I was very fortunate to find an on-line community of motorcycle riders - South Bay Riders - which is pretty different from the typical bikers' forum: the SBR folks are, on average, mature and reasonable people who give a lot of thought to safety. Some of them are very fast and skilled riders, and any advice from such a person is valuable. I signed up and started listening, then soon I was asking questions.
All stars were aligned properly and I was ready.
Finally, I started to ride my own ZX-6R. I was blown away by the experience.
First off, a motorcycle, any motorcycle, is very different from a car. In a car, you're walled off, isolated from the environment, traveling in a little closed bubble away from wind, rain and temperature changes. Caged in the glass box, you're like many miles away from the places you're going to. Not so with the bike.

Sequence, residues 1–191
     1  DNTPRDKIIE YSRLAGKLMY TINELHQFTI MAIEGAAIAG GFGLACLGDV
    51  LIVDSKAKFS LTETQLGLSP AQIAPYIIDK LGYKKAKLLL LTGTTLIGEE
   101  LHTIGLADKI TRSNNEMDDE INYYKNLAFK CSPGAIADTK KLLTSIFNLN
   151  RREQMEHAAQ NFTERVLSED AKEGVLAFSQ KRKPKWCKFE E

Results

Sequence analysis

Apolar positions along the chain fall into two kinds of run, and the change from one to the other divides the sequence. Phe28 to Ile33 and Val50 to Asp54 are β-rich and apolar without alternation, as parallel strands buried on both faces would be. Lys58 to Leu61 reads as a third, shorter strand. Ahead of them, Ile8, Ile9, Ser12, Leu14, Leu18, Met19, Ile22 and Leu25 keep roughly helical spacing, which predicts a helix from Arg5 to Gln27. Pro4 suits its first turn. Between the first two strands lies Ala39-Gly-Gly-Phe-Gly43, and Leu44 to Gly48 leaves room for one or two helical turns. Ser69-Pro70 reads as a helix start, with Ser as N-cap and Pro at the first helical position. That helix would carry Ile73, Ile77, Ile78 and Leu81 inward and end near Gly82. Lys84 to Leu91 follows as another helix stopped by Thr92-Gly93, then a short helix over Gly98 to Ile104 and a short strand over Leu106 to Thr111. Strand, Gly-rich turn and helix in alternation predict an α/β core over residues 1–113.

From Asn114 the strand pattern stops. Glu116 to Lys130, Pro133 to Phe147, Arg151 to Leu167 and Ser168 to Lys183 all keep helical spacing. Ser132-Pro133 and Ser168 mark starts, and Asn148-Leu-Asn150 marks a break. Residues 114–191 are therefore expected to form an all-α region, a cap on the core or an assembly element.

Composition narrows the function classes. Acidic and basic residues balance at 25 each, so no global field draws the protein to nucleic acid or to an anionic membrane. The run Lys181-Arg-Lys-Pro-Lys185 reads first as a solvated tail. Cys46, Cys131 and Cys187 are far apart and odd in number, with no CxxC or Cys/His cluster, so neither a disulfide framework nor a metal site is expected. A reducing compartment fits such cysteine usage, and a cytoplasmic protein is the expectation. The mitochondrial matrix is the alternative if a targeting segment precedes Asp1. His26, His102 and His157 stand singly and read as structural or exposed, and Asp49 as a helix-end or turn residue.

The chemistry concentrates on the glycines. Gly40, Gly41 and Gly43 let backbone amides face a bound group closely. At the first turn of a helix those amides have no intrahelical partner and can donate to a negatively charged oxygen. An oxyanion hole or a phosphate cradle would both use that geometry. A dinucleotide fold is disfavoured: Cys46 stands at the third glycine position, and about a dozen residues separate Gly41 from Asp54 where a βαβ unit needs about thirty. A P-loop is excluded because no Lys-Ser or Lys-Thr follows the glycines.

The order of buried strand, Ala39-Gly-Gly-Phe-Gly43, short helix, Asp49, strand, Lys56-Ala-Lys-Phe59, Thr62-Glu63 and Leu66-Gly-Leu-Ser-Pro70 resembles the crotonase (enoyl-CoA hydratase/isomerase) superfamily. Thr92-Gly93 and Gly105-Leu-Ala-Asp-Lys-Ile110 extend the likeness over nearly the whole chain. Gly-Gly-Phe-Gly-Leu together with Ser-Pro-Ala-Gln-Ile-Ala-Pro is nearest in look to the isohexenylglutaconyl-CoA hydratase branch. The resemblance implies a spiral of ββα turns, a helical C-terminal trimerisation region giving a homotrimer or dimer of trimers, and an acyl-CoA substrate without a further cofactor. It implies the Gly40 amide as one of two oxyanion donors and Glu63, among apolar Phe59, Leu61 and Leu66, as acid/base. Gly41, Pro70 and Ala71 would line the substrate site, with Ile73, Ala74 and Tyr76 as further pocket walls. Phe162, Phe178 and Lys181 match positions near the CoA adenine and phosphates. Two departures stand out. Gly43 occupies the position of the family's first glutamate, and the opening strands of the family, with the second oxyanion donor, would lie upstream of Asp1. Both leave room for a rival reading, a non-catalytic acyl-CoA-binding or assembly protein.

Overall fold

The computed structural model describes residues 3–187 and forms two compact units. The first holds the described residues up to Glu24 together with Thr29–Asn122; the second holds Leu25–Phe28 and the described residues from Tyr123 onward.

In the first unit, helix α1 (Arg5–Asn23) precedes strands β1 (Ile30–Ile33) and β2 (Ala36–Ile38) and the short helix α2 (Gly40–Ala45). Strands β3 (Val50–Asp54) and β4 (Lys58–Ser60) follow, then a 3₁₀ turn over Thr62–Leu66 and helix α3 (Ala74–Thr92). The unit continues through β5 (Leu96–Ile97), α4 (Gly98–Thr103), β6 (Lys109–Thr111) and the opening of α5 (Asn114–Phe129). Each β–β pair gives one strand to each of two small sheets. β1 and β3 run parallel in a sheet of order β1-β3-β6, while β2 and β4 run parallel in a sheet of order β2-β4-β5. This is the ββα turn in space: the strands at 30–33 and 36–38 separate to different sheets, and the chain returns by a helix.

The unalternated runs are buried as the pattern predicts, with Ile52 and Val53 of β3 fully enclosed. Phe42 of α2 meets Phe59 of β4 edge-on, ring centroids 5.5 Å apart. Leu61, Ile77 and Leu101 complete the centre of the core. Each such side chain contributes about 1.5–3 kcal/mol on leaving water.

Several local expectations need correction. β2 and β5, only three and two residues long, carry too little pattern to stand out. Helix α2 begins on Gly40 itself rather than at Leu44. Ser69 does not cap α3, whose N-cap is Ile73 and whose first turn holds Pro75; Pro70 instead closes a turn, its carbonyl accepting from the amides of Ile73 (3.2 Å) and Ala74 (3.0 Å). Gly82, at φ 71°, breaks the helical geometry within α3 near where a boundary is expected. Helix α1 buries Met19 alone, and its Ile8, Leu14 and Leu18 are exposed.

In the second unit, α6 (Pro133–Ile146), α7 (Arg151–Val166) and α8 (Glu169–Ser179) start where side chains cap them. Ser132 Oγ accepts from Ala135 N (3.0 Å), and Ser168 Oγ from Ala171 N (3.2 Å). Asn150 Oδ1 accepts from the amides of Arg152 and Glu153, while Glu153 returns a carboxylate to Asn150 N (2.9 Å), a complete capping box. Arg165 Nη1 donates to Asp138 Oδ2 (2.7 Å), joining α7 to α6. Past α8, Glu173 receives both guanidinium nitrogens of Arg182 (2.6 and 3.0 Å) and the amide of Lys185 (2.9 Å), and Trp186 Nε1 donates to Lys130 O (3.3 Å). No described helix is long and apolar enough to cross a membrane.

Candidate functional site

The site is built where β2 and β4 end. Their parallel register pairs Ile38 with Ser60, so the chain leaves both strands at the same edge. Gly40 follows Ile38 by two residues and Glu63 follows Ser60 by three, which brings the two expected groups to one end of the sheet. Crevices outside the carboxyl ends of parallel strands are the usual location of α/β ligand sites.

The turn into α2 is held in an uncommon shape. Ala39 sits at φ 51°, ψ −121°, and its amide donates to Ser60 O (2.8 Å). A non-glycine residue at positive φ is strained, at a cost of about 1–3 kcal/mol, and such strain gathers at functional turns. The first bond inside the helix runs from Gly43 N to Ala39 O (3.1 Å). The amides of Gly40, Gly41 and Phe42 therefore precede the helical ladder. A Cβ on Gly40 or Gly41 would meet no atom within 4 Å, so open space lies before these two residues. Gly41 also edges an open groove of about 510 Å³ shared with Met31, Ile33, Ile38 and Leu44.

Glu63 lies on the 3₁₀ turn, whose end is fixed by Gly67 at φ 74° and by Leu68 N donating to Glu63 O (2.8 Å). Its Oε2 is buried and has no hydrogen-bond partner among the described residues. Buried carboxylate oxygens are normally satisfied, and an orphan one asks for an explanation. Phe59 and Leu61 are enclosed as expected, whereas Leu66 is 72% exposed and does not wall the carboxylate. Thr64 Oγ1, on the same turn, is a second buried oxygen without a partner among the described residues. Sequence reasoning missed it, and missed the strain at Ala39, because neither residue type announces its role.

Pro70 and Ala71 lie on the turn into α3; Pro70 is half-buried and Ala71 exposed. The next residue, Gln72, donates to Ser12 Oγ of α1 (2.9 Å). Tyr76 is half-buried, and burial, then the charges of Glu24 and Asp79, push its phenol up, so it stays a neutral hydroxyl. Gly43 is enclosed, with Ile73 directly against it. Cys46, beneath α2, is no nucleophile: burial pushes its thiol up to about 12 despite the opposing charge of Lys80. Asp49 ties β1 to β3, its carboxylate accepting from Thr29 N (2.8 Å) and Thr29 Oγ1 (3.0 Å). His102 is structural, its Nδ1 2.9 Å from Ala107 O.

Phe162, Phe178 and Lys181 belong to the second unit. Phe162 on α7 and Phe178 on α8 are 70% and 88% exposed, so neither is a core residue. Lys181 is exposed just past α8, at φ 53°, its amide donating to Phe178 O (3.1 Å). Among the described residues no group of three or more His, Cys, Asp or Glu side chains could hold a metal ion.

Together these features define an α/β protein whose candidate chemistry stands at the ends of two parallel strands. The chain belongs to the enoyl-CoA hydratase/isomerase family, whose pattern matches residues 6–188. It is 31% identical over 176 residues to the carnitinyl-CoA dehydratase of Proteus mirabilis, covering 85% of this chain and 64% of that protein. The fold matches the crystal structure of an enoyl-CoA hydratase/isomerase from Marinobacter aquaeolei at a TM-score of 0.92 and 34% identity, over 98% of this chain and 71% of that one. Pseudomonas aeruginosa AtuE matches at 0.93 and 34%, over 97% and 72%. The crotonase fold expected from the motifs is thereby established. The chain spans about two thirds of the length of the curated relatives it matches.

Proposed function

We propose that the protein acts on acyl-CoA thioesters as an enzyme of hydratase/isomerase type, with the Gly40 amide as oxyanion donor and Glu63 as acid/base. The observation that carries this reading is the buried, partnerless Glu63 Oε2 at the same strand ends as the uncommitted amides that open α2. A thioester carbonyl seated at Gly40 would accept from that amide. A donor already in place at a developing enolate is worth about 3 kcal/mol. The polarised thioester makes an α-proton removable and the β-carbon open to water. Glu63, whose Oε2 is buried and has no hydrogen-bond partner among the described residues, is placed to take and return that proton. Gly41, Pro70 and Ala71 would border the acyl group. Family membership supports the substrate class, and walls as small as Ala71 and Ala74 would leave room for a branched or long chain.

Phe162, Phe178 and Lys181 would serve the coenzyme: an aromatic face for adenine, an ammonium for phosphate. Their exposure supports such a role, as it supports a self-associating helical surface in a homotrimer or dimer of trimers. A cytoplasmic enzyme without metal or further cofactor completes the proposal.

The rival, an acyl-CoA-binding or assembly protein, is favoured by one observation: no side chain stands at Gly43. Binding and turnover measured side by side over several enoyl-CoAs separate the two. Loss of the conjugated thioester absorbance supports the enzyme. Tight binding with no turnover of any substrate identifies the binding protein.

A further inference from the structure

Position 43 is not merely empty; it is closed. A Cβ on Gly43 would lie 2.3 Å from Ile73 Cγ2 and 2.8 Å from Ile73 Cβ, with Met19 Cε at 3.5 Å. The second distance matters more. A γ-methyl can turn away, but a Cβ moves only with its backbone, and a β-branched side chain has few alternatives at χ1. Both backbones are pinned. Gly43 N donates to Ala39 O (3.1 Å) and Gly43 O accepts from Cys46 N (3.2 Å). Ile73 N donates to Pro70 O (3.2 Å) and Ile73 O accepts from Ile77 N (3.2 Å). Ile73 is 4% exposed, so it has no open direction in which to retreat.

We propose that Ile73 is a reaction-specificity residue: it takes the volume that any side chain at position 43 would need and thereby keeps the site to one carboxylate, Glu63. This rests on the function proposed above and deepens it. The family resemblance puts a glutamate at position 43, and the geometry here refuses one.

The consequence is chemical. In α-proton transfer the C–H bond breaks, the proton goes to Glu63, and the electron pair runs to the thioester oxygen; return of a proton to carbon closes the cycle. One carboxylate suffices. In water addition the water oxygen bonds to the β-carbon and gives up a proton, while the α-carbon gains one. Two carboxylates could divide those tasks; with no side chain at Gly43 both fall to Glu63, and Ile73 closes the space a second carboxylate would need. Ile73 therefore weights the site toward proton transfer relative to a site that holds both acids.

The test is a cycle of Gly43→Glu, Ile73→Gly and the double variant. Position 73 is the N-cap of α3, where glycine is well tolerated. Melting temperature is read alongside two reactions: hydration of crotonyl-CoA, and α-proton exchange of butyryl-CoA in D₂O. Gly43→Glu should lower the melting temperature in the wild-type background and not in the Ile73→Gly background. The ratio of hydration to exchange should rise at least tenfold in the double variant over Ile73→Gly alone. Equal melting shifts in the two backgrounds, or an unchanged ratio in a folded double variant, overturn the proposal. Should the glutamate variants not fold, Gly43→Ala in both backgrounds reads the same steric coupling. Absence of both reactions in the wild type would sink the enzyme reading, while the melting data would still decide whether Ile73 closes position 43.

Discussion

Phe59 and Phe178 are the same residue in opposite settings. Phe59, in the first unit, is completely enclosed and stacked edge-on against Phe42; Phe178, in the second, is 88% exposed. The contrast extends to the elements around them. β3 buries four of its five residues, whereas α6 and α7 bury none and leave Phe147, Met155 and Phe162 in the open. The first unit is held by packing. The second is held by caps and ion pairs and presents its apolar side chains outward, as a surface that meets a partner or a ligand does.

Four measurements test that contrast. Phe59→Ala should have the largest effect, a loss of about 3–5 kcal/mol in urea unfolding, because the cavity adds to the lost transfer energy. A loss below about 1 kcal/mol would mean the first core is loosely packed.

On a bike, it's like driving and walking at the same time, combining the best of both worlds. You go as fast as in a car, yet are immersed in the environment as you were taking a walk. You feel the wind, the heat and the cold, and hear the noises around you. Roads that are bland and boring in a car, become huge sources of fun on a bike.
A fast thoroughbred sportbike adds yet another dimension to all that.
My first contact with the 6R was exhilarating and scary at the same time. Being essentially a street-legal racing vehicle, the Ninja sportbike has a very "nervous" throttle: squeeze it a couple millimeters and BANG! the engine takes off with all its might. Or so it seemed. I was doing a mere 50mph (80km/h) and it felt like at least twice. The wind seemed like it was hellbent on ripping my ass off the saddle. And it didn't help that I was riding a racing bike, capable of an acceleration matched only by sport cars that cost $100,000 or more.